UCL Institute for Risk and Disaster Reduction


New research published: Stress before, during and after the central Italian earthquakes in 2016

12 July 2017

The three damaging earthquakes that occurred in central Italy in August - October 2016 (Mw = 6.

Coulomb Stress Paper News 0 - 6.5) damaged numerous hilltop towns and villages and the combined death toll was ~300. A summary following the first earthquake is available here (link to https://www.ucl.ac.uk/rdr/irdr/general-news/amatrice-earthquake-24-aug-2016 news article).

The stress present on the two faults that moved to generate these earthquakes has been investigated as part of a new publication from two members of the IRDR: Zoe Mildon and Dr. Joanna Faure Walker (with Prof. Gerald Roberts and Francesco Iezzi from Birkbeck). Before the first earthquake occurred on the 24th August, there were patches of high and low stress across the Mt. Vettore fault. There is a correlation between a region of low stress (caused by a bend in the fault) and the edge of the portion of the fault that moved. Therefore it is suggested that the area of the fault that moved and therefore the size of the earthquake was affected by the pre-stress on the fault.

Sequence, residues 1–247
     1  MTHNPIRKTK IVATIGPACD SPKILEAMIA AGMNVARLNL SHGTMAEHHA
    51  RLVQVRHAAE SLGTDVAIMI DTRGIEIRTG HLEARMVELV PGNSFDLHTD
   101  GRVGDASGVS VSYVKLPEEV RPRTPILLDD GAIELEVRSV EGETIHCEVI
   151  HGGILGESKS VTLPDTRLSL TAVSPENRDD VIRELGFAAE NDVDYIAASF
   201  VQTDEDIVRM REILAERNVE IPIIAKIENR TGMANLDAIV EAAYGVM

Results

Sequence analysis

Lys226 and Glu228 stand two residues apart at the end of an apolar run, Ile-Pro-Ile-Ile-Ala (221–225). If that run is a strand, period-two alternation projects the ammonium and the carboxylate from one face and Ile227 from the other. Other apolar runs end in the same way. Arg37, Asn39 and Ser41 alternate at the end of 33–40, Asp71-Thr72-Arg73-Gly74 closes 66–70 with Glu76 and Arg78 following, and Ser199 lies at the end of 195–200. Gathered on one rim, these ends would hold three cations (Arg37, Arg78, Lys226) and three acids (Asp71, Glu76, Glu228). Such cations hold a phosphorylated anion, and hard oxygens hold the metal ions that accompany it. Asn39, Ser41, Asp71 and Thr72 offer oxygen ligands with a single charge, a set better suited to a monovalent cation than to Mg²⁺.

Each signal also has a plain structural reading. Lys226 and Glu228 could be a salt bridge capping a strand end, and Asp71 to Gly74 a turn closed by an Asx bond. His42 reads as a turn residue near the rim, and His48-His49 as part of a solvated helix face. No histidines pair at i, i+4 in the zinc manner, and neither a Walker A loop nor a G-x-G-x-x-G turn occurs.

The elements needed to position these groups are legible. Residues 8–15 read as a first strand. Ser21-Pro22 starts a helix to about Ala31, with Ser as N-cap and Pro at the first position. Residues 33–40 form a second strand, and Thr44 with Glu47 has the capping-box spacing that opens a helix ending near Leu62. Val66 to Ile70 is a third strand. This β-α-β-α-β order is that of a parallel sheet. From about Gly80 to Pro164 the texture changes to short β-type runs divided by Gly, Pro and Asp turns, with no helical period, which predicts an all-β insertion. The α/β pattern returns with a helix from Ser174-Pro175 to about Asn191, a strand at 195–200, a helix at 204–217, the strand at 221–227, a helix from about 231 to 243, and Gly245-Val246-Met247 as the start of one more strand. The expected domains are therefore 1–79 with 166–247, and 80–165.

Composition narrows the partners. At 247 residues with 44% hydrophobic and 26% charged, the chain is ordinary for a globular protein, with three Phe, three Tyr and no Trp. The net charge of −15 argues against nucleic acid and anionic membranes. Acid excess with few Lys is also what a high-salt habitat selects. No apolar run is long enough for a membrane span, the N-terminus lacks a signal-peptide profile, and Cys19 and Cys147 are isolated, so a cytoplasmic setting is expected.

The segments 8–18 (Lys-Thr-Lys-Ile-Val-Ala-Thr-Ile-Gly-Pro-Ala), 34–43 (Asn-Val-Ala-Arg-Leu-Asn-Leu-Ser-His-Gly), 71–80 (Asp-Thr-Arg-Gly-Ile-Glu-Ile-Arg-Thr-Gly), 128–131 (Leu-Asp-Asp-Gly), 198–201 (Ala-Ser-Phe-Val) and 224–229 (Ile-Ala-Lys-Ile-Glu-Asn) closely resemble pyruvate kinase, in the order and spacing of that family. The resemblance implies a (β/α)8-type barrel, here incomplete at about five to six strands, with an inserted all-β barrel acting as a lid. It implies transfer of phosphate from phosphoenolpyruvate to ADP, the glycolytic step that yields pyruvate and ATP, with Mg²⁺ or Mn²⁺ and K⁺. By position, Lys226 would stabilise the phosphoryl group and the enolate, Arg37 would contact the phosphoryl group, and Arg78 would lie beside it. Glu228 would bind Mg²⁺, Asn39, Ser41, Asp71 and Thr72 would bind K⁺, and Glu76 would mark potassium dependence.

This paper also investigates the history of the stress on the Mt. Vettore fault, from the time since the last earthquake, which occurred between 4000 and 1300 years before present. The stress increases slowly on the fault during the time between earthquakes. The stress can also increase or decrease more rapidly due to other earthquakes occurring around the Mt. Vettore fault. The history shows that other historical earthquakes have affected the stress build up on the Mt. Vettore fault. 

After the three major destructive earthquakes that occurred in 2016, there were four small earthquakes (Mw 5.0 - 5.5) that occurred on the 18th January 2017 on the Laga fault (to the south of the Mt. Vettore fault). These caused some concern for the integrity of the dammed Campotosto Lake. The results from this paper show that these earthquakes occurred in an area of high stress, however the size of these earthquakes is relatively small and there may be regions of high stress (with the possibility of generating other earthquakes) still present on the Laga fault. 

To read the full article, click here: https://academic.oup.com/gji/article/doi/10.1093/gji/ggx213/3858476/Coulomb-stress-transfer-and-fault-interaction-over